Seven rhinos die after move to a new park


The relocation of endangered animals involves putting them to sleep for the journey and then reviving them in a process which carries risks.

PIC: A female black rhinoceros, one of three individuals about to the translocated, stands in a transport crate, in Nairobi National Park last month. (AFP)


Seven out of 14 critically endangered black rhinos died after being moved to a new reserve in southern Kenya, wildlife officials admitted on Friday.

Kenya Wildlife Service (KWS) has refused to comment on the rhinoceros deaths but, speaking on condition of anonymity, one official said, “Seven of the rhinos died but it has not been established as to why.”

A second KWS officer also confirmed the deaths but said an investigation had to be carried out before the information was made public.

The relocation of endangered animals — known as translocation — involves putting them to sleep for the journey and then reviving them in a process which carries risks.

But the loss of half of them is highly unusual.

The black rhinos were moved from Nairobi and Lake Nakuru national parks to Tsavo East last month in an operation trumpeted by Tourism Minister Najib Balala. He has yet to comment on the tragic outcome.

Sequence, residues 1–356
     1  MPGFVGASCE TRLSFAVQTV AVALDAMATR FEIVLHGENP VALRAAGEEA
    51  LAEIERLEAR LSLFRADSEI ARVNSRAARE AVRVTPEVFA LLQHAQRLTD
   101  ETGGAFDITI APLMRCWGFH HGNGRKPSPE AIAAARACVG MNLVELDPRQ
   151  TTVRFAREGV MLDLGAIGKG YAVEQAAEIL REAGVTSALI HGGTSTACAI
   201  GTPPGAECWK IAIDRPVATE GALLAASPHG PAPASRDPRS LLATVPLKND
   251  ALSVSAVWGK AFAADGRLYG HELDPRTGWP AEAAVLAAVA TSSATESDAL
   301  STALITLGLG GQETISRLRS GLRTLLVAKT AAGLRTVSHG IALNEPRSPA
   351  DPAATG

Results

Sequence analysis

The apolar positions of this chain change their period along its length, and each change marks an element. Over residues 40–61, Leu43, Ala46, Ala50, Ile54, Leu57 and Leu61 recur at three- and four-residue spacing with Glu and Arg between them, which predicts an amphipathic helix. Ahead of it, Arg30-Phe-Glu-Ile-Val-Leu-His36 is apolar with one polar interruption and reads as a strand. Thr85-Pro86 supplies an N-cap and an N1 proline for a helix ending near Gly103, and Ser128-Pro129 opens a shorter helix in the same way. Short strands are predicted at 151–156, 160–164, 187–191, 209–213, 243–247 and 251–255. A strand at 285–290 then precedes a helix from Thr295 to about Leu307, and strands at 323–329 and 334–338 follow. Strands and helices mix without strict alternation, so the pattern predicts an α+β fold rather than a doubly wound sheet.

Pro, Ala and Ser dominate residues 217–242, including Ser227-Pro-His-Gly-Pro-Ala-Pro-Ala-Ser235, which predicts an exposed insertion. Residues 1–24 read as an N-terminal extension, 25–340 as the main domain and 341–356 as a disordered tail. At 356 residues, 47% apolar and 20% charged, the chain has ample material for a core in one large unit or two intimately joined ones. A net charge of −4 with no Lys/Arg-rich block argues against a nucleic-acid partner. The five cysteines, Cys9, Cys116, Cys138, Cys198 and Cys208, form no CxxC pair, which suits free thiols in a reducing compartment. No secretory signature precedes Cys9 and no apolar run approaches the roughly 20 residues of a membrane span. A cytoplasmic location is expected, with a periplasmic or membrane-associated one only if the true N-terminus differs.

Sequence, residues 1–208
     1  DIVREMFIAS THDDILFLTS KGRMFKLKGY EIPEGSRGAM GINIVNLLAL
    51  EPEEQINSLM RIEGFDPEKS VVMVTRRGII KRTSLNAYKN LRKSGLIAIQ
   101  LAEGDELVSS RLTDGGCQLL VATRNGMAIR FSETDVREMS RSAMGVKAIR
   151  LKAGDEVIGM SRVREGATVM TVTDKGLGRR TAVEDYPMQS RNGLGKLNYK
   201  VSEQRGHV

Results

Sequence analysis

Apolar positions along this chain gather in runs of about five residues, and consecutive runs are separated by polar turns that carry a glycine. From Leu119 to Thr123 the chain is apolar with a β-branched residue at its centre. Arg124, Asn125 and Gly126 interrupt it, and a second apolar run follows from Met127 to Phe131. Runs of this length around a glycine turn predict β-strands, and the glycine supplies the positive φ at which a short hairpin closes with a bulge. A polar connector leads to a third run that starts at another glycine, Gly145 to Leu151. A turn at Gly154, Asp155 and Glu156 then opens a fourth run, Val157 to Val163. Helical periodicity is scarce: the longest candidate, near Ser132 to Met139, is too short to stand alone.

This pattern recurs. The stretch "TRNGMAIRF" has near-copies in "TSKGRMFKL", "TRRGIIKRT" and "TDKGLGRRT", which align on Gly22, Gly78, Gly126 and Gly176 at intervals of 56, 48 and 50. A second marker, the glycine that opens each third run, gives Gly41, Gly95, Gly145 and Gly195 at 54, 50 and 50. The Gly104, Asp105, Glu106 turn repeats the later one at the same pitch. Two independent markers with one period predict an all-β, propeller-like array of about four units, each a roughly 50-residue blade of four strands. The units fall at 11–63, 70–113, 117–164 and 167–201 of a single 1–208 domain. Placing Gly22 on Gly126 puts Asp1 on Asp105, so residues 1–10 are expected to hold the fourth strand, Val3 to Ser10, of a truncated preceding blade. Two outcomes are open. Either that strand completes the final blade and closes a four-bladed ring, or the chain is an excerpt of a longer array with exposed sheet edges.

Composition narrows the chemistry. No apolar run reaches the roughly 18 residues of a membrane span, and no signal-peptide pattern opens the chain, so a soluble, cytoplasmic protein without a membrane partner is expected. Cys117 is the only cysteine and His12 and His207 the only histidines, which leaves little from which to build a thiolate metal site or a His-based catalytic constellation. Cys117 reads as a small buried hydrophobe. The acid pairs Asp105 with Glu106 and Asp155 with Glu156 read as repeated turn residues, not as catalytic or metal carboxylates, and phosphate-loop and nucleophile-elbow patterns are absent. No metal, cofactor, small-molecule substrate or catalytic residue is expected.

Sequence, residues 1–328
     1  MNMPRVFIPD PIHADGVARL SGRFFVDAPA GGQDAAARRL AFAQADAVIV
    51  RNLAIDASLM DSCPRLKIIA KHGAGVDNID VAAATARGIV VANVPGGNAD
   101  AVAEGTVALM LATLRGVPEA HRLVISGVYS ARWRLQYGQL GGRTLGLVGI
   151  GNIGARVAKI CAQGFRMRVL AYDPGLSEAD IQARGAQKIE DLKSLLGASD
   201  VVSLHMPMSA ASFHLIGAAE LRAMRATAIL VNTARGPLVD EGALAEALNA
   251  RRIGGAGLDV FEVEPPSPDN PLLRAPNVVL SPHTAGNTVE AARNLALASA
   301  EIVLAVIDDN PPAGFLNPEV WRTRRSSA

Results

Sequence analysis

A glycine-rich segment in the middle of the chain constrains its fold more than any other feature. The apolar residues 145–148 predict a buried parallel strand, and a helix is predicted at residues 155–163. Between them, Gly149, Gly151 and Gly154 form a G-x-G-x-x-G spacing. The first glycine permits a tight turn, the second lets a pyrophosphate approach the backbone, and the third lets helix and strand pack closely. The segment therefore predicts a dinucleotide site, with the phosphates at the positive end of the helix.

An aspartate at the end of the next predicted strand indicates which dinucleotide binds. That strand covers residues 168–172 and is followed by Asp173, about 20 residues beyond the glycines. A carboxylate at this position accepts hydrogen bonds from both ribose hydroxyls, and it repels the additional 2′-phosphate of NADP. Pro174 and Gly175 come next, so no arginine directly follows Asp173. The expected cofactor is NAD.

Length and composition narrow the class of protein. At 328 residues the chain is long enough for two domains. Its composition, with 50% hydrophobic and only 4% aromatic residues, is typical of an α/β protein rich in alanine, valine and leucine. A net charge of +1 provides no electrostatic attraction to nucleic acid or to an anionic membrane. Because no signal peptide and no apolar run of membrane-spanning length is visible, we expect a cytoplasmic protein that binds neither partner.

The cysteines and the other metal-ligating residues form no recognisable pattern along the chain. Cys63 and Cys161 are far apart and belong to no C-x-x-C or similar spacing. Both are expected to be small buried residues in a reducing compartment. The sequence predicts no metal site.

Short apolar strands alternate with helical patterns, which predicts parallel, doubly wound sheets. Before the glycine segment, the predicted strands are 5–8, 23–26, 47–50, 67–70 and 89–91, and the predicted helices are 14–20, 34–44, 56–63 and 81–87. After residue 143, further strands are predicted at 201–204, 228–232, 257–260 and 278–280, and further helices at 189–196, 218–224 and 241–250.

Kenya Wildlife Services (KWS) translocation team members drill the horn of a black female rhino to equip it with a radio transmitter last month





This black male rhinoceros is assisted into a transport crate for relocation last month

Prominent Kenyan conservationist Paula Kahumbu said officials must take responsibility and explain what went wrong.

“Rhinos have died, we have to say it openly when it happens, not a week later or a month later,” she said.

“Something must have gone wrong, and we want to know what it is.”

Save the Rhinos estimates there are fewer than 5,500 black rhinos in the world, all of them in Africa, while Kenya’s black rhino population stands at 750, according to the Worldwide Fund for Nature.

According to KWS figures, nine rhinos were killed in Kenya last year.

In May, three more were shot dead inside a specially-protected sanctuary in northern Kenya and their horns removed, while in March the last male northern white rhino on earth, an elderly bull named Sudan, was put down by Kenyan vets after falling ill.

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